Gender Definition Through Biology or Sociology

One of the justifications for creating discriminatory regulations and public requirements on the basis of gender is that men and women are not the same and so they should be handled in a different way. It’s true that men and women have different systems (it’s essential to comprehend there are plenty of resemblances also. For example, we all have two hands and two feet, don’t we?) But does that mean one type of human is better than the other?

gender_sociologyWe come across many content in the press that discuss experiments that show males are better at math, while females are better at languages; men do not talk much, while women talk a lot. Many of us agree to these outcomes as fact without examining the ‘proof.’ Is it because of biology that one gender is better at something, or is it because of sociology? Often it’s challenging to separate your scientific identification from your sociological one because public training starts from a very young age. Once you are old enough to analyze yourself, you will discover that you have already adopted many stereotypes. Does a six-year-old female work with baby dolls because she has a natural tendency towards doing so, or because baby dolls are what everyone presents her and baby dolls are what other females of her age are playing with? Does a boy not cry when he hurts himself because he’s a ‘tough’ kid, or because he’s been taught that boys shouldn’t cry? Does a man not talk as much as a lady because he is not chatty, or because he’s been trained to keep his feelings to himself?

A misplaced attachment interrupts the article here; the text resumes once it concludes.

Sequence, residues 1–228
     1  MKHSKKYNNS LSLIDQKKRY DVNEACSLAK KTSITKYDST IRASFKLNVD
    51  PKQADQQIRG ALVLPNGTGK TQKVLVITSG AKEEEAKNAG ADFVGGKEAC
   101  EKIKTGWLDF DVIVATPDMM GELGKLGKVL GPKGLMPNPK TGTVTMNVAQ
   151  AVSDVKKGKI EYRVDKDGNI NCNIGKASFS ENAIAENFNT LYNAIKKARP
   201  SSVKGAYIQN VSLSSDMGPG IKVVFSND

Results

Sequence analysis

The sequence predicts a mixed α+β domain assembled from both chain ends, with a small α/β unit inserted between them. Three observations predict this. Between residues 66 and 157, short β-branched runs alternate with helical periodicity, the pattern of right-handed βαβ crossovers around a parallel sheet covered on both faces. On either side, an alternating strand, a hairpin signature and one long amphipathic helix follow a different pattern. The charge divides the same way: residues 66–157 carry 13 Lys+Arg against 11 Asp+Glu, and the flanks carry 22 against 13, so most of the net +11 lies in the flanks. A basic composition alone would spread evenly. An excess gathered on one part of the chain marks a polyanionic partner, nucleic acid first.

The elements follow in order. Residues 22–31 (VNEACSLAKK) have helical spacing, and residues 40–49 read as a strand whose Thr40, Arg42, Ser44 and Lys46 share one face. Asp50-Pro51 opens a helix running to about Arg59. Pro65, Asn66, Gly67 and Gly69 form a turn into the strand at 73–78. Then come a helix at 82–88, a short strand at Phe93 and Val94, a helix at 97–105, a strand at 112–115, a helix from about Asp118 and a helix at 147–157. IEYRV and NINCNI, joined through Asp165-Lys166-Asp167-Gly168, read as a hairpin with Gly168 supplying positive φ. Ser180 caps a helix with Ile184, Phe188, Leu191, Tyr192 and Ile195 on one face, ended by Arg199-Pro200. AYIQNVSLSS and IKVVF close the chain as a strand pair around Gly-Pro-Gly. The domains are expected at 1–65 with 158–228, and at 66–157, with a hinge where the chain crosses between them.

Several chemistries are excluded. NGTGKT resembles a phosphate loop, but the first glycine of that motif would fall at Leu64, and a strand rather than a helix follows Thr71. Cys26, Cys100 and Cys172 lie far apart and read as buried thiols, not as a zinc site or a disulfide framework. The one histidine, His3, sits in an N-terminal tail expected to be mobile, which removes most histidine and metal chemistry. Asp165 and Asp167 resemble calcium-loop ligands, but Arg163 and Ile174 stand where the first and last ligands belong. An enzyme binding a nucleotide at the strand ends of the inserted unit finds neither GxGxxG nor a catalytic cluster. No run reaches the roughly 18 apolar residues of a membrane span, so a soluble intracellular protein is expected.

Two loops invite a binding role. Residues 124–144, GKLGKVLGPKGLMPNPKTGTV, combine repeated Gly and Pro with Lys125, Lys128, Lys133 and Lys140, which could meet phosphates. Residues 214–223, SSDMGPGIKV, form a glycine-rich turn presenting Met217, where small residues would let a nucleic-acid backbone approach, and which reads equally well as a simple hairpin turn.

Let’s take the commonly organized idea that young children are better at left-brain actions like math and reasoning. If one were to take a general look at the student inhabitants in technological innovation universities or the ITs, one might think that this is indeed real. But this supposition is a very simple one and does not look at the complicated aspects that make up our social standards. We reside in a community where a girl’s right to nourishment and knowledge, among other factors, is prioritized over a woman’s. Even if they are from a well-to-do family and do not experience such primary discrimination, women are often raised to be less committed and more home-oriented so that they can be ‘married off’ early. When there is discrimination at so many stages on the basis of gender, it is not amazing that the variety of women in challenging professional programs is reduced than that of young children. This has more to do with sociocultural and sociology aspects based on gender identification, rather than biological gender.

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